I totally missed seeing Tink herself - she was hanging on top of this building before Main St. Honestly I think she was absent from last year's race, and on top of something for this race, because it would have been too much of a bogdown to have a pic opp with her along the course.
THAT BEING SAID - I completely missed seeing Jack Sparrow by Pirates of the Carribean. Either he was on a bathroom break or being swamped by ladies, because I saw him in a pic directly in front of the Pirates ride, and I saw that same damn sign during my run and no Jack. Just a couple of cute pirates. That's one char opp I would have stopped for... Disney doesn't do many Jack Sparrows in the park anymore because naturally he's just too popular with the ladies. Jack Sparrow at a womens' race? Nicely played, Disney!
It was bitchin' to see Darth Vader and some storm troopers pic opping in TomorrowLand... it didn't occur to me until later how important and WHY they would be there: the Lucasfilm acquisition.
ETA: My stepdaughter tells me that Darth hangs out for the StarTours stuff, but I haven't really heard of them showing up in races before (and the line to see him was looooong) but it was still verra cool to see them!
Long line for Cinderella - Apparently some folks waited so long in character lines that they got swept! LOL.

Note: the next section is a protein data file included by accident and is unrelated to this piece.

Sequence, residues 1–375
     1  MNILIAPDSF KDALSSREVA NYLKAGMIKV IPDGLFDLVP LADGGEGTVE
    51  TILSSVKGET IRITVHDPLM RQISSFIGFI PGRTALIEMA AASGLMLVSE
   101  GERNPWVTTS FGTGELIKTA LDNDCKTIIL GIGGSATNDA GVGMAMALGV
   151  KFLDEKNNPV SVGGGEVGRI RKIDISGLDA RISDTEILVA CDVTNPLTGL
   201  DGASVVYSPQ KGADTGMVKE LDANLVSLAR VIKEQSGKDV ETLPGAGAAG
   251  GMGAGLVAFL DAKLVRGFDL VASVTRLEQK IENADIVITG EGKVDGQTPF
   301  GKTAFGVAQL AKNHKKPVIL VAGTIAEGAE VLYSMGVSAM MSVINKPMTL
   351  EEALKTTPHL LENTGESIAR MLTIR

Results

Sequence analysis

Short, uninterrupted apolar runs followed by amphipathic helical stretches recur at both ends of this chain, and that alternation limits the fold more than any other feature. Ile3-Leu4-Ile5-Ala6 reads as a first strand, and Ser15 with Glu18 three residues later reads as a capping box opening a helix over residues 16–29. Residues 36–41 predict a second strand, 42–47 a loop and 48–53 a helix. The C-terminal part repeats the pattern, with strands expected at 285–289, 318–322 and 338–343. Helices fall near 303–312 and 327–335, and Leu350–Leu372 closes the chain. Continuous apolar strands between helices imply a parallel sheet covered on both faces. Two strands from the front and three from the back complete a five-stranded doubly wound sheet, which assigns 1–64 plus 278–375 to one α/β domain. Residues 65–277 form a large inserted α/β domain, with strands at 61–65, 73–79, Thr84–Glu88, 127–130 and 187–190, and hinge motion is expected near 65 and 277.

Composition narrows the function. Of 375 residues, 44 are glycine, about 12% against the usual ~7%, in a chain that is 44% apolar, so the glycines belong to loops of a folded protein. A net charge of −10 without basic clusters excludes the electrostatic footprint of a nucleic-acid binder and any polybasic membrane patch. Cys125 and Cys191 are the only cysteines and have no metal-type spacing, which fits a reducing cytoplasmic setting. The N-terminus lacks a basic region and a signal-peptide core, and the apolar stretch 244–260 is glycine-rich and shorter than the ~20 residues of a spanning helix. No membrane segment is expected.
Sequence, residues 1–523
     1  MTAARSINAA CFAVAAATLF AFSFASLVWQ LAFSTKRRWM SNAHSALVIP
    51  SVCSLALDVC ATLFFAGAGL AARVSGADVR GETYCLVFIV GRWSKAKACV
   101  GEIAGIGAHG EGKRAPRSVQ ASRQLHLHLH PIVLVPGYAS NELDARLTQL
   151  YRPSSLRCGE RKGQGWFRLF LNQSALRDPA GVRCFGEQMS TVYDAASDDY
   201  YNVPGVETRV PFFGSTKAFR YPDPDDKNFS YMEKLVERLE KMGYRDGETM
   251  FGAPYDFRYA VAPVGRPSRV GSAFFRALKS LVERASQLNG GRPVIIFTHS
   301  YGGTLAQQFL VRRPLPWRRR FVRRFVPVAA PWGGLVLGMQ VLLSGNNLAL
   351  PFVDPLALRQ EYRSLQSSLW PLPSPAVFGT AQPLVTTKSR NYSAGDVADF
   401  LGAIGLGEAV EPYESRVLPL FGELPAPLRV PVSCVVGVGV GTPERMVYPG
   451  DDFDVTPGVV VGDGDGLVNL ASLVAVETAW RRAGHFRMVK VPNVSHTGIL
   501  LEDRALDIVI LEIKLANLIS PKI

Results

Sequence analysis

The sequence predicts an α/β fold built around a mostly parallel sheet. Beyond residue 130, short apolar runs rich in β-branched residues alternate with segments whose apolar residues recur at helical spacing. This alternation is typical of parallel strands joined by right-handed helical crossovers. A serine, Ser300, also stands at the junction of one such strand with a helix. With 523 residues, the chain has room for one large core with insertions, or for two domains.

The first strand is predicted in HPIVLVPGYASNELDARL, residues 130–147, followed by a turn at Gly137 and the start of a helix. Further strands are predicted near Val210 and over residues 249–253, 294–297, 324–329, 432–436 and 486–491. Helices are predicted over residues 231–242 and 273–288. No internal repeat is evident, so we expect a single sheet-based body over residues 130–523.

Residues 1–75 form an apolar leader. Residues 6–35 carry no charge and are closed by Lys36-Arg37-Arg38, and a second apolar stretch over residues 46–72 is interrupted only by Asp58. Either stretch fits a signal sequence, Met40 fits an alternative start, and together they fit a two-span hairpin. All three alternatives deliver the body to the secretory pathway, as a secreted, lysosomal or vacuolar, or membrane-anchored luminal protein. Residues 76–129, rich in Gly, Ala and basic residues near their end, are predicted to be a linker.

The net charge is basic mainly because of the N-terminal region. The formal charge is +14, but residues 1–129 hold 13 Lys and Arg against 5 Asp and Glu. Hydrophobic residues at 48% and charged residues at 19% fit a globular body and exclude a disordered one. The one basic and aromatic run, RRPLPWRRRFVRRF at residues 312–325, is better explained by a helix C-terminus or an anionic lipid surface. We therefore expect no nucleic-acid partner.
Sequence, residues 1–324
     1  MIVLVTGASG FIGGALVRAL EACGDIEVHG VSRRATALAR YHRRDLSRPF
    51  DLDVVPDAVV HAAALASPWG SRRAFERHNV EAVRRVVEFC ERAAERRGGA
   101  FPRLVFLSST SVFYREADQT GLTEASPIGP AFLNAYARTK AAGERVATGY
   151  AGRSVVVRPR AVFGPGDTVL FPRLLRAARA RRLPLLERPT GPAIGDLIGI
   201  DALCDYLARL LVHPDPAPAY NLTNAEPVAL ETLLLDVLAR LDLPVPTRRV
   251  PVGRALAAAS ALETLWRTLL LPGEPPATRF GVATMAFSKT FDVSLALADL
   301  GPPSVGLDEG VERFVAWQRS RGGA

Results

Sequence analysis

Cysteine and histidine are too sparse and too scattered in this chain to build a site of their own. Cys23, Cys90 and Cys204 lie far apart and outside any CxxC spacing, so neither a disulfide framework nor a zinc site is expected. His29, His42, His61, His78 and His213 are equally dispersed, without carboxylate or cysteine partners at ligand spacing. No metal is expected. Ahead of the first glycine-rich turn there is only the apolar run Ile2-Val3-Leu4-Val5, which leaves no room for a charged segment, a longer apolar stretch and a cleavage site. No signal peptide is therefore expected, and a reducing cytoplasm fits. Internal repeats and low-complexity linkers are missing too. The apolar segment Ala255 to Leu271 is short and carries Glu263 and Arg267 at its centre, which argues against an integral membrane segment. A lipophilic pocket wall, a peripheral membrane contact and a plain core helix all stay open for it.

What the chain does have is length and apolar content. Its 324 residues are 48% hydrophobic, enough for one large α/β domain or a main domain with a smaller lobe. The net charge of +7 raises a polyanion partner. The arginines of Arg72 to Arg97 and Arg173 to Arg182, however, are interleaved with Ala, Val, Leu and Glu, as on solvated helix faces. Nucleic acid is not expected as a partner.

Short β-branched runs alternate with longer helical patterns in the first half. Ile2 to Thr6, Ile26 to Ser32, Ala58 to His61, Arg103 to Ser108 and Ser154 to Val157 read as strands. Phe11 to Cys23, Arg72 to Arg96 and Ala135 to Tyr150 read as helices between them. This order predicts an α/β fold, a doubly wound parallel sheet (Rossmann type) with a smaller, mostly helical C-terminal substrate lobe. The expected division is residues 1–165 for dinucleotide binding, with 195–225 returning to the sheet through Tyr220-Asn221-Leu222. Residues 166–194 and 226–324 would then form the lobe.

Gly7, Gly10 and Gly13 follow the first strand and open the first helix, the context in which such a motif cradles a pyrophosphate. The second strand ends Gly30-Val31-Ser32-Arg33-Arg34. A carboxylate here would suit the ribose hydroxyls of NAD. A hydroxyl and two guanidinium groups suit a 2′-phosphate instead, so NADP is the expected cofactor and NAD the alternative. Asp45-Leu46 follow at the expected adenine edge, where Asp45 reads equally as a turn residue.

My fellow runners were a pretty epic tribe. I expected lots of rude walker walls, picture opp stoppers, wing face smackers, but it honestly was very well spaced out. I ended up in a pack of a hundred folks or so that were moving at more or less a similar pace, even with starting at the rear corral. I loved the runner patter - I was feeling pretty wretched at Mile 11 and I heard a lady say to someone else "I have no strategy left. At this point it's just one foot after the other" because that's exactly how I felt at that point. Loved seeing guys in rainbow colored tutus. Loved the Peter Pan who was pushing a lady Cap'n Hook in a wheelchair. Loved the little girl in PJs happily waving at us through her living room window. Loved hearing that a runner later left her a pair of wings on her front yard bushes. Loved even more hearing that other runners saw her jumping for joy at receiving the wings and that even LATER runners saw her wearing them while waving. Epic to look back along the freeway overpass turn in Anaheim and seeing a mile's worth of green tutus and wings, as a spectator commented "I didn't realize there were so many runners in this!" I broke into tears at seeing the amazing turnout of the ladies in the Red Hat Society... it's just awesome to think of all these sweet little old ladies waking up at 3 in the morning to come cheer us on. (And paying 15 bucks to park at Disney) There must have been a hundred of 'em. Lots of awesome local h.s. bands and cheerleaders to help us along. I like the spectators who tell you where you're at in the race "80% done, guys! Keep it up!" ... "Halfway there, it's all downhill from here!" "Mile 11! You guys are doing great!" Very appreciative of the awesome lady hollering "Strangers with candy!" at Mile 8, handing out twizzlers. The Mile 8 Twizzlerers were also apparently at the WDW half. Saw the "I didn't wake up this early to watch you walk!" sign dude like THREE times, now there's a dedicated heckler! Loved the "Pain now, vodka later" sign dude in Dtown Disney.